#4 Use environment variables for storing configurations

In certain situations, you should use environment variables to store configurations such as hostnames. Not only would these be easy to change between deployments without changing source code, they would also minimize the risk of sensitive data exposure in the event the Lambda source code was compromised. One use case is if you are developing a serverless bot that checks for social media posts with certain hashtags and repost them with slight changes, and you need to store access tokens that are required for signing requests, consider storing them in environment variables.

#5 Tighten access control and configurations

You need to assess Lambda configurations and make sure things like events and triggers are defined correctly according to the requirements. If your function only needs to be invoked by an S3 PUT event, consider removing unnecessary services from the trigger list. When deployed in a VPC, consider employing strict network access controls using security groups and ACLs. If API gateway is used as an event source for your Lambda functions, use function-specific API authorization whenever you can. API gateway has the capability to provide multiple authentication and authorization mechanisms for API clients so you should definitely leverage on them.

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Defining S3 event source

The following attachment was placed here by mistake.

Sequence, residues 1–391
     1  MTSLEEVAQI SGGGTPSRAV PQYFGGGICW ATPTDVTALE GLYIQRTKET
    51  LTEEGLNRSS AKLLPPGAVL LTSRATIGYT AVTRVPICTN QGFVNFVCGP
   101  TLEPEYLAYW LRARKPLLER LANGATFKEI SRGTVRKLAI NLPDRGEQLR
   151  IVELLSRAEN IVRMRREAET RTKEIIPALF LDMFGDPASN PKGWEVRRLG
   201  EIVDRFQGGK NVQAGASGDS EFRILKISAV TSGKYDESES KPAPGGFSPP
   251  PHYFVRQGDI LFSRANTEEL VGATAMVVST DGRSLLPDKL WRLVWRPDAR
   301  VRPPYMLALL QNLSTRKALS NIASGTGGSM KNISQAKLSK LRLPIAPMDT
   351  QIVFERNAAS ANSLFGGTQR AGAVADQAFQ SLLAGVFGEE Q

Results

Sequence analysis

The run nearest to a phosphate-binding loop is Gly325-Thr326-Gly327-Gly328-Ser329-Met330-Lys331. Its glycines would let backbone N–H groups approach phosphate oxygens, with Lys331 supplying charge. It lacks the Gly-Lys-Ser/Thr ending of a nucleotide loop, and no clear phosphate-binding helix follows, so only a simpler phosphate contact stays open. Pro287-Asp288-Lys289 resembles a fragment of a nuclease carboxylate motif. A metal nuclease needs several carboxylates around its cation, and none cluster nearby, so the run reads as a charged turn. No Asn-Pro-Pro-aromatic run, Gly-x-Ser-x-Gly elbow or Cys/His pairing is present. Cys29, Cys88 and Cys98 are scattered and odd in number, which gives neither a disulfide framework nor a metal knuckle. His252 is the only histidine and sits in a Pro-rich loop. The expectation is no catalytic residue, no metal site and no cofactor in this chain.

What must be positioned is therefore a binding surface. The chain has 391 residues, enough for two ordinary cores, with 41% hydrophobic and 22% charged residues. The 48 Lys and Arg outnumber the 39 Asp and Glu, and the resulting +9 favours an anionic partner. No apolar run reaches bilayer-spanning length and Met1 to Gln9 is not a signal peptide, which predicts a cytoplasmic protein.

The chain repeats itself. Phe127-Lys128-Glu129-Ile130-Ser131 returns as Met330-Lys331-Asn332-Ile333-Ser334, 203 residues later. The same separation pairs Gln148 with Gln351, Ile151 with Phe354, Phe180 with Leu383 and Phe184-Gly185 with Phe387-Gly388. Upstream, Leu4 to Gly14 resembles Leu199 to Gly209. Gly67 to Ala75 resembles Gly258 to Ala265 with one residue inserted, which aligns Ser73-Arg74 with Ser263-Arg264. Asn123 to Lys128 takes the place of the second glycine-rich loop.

#6 Automate security check in CICD pipelines

Think DevSecOps. When developing a serverless application in a CICD pipeline, you should infuse risk mitigating activities throughout the pipeline including compliance and governance. These activities should involve checking Lambda functions control plane for misconfigurations, scanning source code and dependencies for vulnerabilities, looking for excessive roles, and assessing the function against industry standard frameworks (or your own organization-specific policies). The keyword here is “automation”. Because we wouldn’t want DevOps processes to stop for a security check.

An example of DevSecOps in Serverless — AWS

In the following Github tutorial, I’m using CloudGuard to continuously secure a serverless application throughout CICD pipeline, and integrate the solution with AWS Codepipeline.

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CloudGuard in CICD Pipeline

#7 Using a commercial product to enhance protection of serverless applications.

Following best practices will definitely strengthen your serverless security. But you can never be too careful with your cloud native applications especially when there are many new threats on the rise. For example, when the application is at runtime and the function is invoked by an attacker using malicious payloads such as command injection, you will want your application to fend off these attacks. Therefore, If you want to take a step further in beefing up your cloud native security and add extra layers of defense mechanism to your serverless application, you should consider deploying a commercial security product.

Check Point’s cloud native security

Check Point offers a suite of cloud security solutions called “CloudGuard”. CloudGuard has a module that focuses on cloud native workloads.

Below is a simple demonstration I did on how CloudGuard can secure your serverless application against injection attacks.

In conclusion, serverless functions operate differently and as such we should take a holistic approach in securing cloud native workloads on serverless platforms, and continuously secure them throughput CICD pipelines and when they’re at runtime.

Jayden Aung

References:

A Cloud Guy & DevSecOps Enthusiast. A family man who loves travelling & iPhotography